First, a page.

Pursuant to Article 10, Paragraph 5 of the Charter of the Austronesian Forum, the Secretary-General may, after consulting the Executive Council and under advisement from member states, establish one or multiple task forces and formulate standard operating procedures for each task force in order to fulfil specific tasks under the auspices of the Forum.
Currently, there are four task forces for four of the main strategies—Academic and Policy Research, Linguistic and Cultural Exchanges, Regional Industrial Development, and Human Resources Development. Each task force shall comprise a chairperson as the leader and representatives from at least three member states.
1. Executive Council
Pursuant to Article 8 of the Charter of the Austronesian Forum, an Executive Council Meeting shall convene at least once annually, except under circumstances in which the Secretary-General considers it necessary to reschedule the Meeting after consulting with every Council Member. The Meeting shall be attended by no fewer than one-third of the total number of Council Members of that session. The date and place of the Meeting shall be determined by the Secretary-General after consulting with Council Members. It may also take place via video conferencing. If necessary, or in the event of an emergency, a Meeting may be convened by the Chairperson at any time. The responsibilities of the Executive Council are:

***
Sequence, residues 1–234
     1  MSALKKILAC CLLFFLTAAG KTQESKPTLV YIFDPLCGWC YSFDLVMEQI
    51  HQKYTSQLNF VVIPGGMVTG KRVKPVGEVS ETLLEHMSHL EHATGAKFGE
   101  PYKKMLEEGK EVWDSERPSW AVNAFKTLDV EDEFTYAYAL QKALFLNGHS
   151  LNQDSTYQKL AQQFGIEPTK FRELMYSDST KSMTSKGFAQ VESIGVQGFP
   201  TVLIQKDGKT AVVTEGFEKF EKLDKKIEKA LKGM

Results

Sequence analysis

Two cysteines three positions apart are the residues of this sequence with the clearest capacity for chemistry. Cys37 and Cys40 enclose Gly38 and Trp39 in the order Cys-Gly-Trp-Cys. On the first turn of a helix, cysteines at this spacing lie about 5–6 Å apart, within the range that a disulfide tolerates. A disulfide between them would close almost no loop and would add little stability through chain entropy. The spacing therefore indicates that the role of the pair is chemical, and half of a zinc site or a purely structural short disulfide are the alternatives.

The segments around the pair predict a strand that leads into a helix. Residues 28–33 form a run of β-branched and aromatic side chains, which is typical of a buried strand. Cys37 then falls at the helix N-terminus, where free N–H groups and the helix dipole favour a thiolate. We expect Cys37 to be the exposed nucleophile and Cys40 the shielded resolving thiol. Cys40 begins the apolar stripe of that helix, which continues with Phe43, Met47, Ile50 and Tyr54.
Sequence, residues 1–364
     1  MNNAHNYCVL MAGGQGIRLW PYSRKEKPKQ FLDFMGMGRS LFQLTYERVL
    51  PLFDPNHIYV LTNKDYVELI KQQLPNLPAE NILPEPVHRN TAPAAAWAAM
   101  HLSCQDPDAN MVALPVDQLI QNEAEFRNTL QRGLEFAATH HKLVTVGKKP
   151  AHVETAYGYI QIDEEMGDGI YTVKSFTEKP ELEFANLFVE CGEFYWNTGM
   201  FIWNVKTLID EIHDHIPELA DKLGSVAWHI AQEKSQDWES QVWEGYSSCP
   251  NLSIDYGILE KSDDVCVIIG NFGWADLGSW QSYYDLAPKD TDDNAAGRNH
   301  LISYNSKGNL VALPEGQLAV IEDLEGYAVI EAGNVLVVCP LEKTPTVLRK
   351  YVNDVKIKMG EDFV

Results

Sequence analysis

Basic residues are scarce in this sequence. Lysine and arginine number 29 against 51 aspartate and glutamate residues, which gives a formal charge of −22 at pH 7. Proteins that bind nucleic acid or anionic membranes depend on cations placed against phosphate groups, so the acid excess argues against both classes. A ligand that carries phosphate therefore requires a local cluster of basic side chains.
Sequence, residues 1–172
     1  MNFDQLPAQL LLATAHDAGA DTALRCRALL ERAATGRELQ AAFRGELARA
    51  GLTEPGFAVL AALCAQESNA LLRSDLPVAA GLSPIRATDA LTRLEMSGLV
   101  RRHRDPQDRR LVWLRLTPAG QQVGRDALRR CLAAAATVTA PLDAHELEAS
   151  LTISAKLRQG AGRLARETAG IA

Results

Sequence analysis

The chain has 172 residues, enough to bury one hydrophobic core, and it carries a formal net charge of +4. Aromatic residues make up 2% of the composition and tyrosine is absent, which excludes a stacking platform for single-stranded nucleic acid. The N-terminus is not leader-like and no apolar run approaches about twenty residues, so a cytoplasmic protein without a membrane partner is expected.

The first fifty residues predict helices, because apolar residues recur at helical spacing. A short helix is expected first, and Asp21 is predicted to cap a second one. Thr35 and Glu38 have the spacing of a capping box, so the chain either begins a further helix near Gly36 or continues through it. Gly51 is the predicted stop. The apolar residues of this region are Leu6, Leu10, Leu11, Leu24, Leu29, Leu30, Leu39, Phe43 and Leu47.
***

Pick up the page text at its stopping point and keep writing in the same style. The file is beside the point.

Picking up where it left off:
A. Reviewing the Forum’s development plans
B. Coordinating the efforts of local governments, NGOs, academic institutions, and citizen groups to promote the welfare of the Austronesian Peoples
C. Other tasks that require the review or supervision of the Executive Council